Let us pray: Dear Savior, today we have come Your house to meet You! We have come to praise Your name and give You honor because You have saved our souls and given us the gift of eternal life! But, even more importantly, You have come to us this day through Your powerful Word of forgiveness in order to honor and uplift us! Our sacrifice to You is a broken and a contrite heart. Your sacrifice to us is never-ending love and peace with God. To avoid acting like the first Palm Sunday crowd who later rejected You, may our focus always be upon You riding into our hearts and lives through Your humble means of grace: the Gospel in both Word and sacrament. Amen
GRACE MERCY AND PEACE ARE YOURS FROM CHRIST, THE KING OF KINGS!
TEXT: Matthew 21: 1-11
Fellow Redeemed Sinners:
Fact: more people attend church on Palm Sunday than on Good Friday. Why is that? After all, Good Friday is the actual day that God’s Son bought back our souls and our lives from sin, death, and Satan’s power. Good Friday is the actual day when He paid the penalty to His Father for our fickleness and our headstrong pride. Good Friday is the actual day when God made peace with humans all because the blood of His Son was weighty enough to wipe away our guilt and shame. Good Friday is the pinnacle of our deliverance.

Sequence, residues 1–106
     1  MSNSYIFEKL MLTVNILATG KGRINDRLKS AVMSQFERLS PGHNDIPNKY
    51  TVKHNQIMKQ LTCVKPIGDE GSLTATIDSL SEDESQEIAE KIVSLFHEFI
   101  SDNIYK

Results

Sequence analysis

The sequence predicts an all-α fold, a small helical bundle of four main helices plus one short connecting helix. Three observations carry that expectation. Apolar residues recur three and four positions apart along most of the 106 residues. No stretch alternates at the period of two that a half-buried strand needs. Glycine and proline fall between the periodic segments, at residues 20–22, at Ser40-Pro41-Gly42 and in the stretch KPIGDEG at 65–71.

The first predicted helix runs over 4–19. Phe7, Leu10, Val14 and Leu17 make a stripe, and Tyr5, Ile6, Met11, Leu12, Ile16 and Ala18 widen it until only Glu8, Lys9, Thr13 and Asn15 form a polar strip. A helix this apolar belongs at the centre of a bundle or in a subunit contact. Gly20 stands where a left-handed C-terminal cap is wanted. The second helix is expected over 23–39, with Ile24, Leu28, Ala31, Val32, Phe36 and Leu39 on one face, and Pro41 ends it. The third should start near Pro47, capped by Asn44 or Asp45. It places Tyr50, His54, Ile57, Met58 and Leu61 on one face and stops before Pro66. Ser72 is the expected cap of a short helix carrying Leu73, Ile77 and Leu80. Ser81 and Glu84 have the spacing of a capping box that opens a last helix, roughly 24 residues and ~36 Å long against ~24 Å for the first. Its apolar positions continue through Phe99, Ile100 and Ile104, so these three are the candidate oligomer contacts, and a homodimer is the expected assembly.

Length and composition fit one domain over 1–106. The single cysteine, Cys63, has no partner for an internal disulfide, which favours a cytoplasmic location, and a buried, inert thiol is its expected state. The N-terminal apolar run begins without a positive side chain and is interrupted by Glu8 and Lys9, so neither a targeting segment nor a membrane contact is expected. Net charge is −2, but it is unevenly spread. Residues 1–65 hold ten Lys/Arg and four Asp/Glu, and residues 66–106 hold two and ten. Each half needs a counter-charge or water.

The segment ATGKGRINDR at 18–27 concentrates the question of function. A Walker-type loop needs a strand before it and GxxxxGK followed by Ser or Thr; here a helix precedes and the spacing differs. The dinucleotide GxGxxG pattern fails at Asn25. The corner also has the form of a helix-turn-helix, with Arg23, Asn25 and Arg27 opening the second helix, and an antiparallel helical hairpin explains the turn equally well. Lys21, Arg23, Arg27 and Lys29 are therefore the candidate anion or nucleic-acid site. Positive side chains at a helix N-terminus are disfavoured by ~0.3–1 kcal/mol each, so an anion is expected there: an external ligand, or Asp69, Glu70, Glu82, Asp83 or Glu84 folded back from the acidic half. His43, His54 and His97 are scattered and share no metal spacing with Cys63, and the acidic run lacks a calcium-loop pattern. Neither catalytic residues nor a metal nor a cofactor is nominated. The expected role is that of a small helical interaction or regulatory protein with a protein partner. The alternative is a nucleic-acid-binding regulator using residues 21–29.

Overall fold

So, why do more Christians celebrate Palm Sunday than Good Friday? Why do many of you skip God’s Friday in favor of Palm Sunday? I suppose it all boils down to this: everyone likes a celebration and a party more than a funeral. We view Palm Sunday as an “upper” and Good Friday as a “downer.” But, God doesn’t. If He did, Christ would have exercised His divine power and walked away from the cross. But, He didn’t. He embraced it. He voluntarily trudged the road to the cross because it was vital, all-important, to save our souls and reveal the depth of His love for us.
And yet, Palm Sunday was still important to Him and us. For it reveals a singular truth. That being:
IN LOVE GOD INITIATES CONTACT WITH SINNERS